|Publication number||US3852040 A|
|Publication date||Dec 3, 1974|
|Filing date||May 30, 1972|
|Priority date||May 30, 1972|
|Publication number||US 3852040 A, US 3852040A, US-A-3852040, US3852040 A, US3852040A|
|Original Assignee||Bahco Ventilation Ab|
|Export Citation||BiBTeX, EndNote, RefMan|
|Patent Citations (4), Referenced by (5), Classifications (5)|
|External Links: USPTO, USPTO Assignment, Espacenet|
States Patent Gustavsson 1 1 *Dec. 3, 1974 APPARATUS FOR REMOVING  References Cited UNDESIRABLE SUBSTANCES FROM FLUE UNITED STATES PATENTS GAS OR THE LIKE 3,190,729 6/1965 Emmett et a1. 23/285 x  Inventor; Karl Axe] Ga -an Gustavsson, 3,522,004 7/1970 Lopker E k i S d 3,608,281 9/1971 Gustavsson 55/228 3,731,811 5/1973 Gustavsson 210/194  Assignee: Aktiebolaget Bahco Ventilation,
Enkopmg Swede Primary Examiner-Joseph Scovronek Notice: The portion of the term of this Attorney, Agent, or Firm$tevens, s, ll r & patent subsequent to May 8, 1990, Mosher has been disclaimed.
22 Filed: May 30, 1972 1 ABSTRACT An' a aratus for removin sulfur dioxide a d ther 21 A .N.:257, P g 1 ppl 0 889 pollutmg substances from a gas which is to be vented to the atmosphere is provided with a means for recy- Cl 8, cling a slurry used to react with sulfur dioxide or other 242 substance at a controlled consistency which comprises  Int. Cl. B01d 47/02, B01 j 1/00 a means responsive to the pressure of the pump recy- Field of Search cling the slurry for directing the flow of slurry to a settling tank or directly back to the treatment tank.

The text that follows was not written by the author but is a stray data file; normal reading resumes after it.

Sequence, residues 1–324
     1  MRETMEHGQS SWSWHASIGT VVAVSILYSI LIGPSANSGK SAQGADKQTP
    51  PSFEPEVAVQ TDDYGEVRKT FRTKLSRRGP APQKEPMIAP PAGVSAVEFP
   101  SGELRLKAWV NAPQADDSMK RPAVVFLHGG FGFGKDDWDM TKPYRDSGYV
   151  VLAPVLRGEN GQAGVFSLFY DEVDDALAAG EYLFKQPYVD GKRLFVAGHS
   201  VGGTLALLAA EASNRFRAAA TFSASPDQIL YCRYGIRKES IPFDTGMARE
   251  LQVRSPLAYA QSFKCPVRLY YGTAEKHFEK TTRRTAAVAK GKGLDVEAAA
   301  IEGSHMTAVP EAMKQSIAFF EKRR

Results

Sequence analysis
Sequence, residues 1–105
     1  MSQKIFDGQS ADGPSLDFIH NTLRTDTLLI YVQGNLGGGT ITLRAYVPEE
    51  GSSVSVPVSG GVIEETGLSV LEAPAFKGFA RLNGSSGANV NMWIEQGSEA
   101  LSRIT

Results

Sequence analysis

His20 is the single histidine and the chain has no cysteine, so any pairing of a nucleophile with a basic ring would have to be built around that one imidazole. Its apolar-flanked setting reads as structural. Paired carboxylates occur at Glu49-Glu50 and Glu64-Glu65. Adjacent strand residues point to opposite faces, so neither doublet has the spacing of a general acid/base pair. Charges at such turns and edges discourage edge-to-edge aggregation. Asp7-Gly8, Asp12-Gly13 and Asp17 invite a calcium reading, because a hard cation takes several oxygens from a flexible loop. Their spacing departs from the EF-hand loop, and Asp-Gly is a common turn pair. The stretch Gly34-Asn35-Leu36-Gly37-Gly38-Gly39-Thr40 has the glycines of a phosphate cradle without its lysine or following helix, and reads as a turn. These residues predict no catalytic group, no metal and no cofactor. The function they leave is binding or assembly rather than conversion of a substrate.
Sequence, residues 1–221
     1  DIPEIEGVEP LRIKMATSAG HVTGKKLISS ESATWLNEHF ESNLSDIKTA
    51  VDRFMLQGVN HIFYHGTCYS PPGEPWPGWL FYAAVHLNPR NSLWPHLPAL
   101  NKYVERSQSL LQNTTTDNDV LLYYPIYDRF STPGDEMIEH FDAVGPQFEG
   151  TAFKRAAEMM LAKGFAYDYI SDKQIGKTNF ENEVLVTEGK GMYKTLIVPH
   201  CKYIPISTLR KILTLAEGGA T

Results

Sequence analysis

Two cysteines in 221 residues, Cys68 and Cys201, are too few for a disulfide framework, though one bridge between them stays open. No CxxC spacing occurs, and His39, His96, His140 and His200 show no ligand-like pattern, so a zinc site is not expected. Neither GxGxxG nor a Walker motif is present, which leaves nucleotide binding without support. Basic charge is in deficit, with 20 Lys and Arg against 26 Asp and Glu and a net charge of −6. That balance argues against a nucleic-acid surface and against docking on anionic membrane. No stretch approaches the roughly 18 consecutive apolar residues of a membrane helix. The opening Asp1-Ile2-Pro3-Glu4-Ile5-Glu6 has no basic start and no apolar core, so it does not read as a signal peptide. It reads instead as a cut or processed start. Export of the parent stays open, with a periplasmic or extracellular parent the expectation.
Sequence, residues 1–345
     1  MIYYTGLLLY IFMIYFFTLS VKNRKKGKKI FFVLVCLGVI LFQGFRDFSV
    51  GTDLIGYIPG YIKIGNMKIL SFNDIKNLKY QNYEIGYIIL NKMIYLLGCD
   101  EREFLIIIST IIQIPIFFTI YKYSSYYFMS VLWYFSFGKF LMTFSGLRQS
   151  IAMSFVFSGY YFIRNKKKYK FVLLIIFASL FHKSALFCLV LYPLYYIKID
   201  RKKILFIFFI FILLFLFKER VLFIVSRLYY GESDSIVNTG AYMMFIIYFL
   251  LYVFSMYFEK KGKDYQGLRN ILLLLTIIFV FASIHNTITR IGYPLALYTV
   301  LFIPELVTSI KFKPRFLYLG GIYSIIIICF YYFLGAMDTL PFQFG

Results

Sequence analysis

2 Claims, 1 Drawing Figure PURIFIED GAS OUT PATENIELUEB 31w I 3.852.040
PUR l Fl ED GAS OUT Y CRUDE GAS APPARATUS FOR REMOVING UNDESIRABLE SUBSTANCES FROM FLUE GAS OR THE LIKE This invention relates generally to an apparatus and method for removing pollutants from a gas and more particularly to an apparatus and method for removing sulfur dioxide from a gas before it is vented to the atmosphere.
Flue gases from burning coal, oil or similar fuel and waste gases from various industrial plants often contain substances which pollute the air of the surrounding at- Y mosphere. Such gases frequently contain sulfur dioxide as well as soot and other solids which may cause corrosion, poisoning of vegetation or produce smog.
An apparatus for removing sulfur dioxide from a gas is disclosed in U.S. Pat. No. 3,608,281. The disclosed apparatus combines a treatment tank containing a solution or suspension of a substance which will react with sulfur dioxide to form a solid, means for flowing a gas containing sulfur dioxide at a high velocity perpendicu larly against the surface of the solution or suspension to entrain liquid containing the neutralizing substance, means for flowing the gas and entrained liquid at a reduced velocity, means for separating the entrained liquids and solids suspended therein from the gas and a means for separating the solids from the liquid and for returning the liquid to the treatment tank. Such an apparatus has many advantages but does not provide for separation of solids from less than all of the slurry recovered from the gas treatment step even though the slurry may have a consistency which would permit its recycling without passing through a sedimentation tank.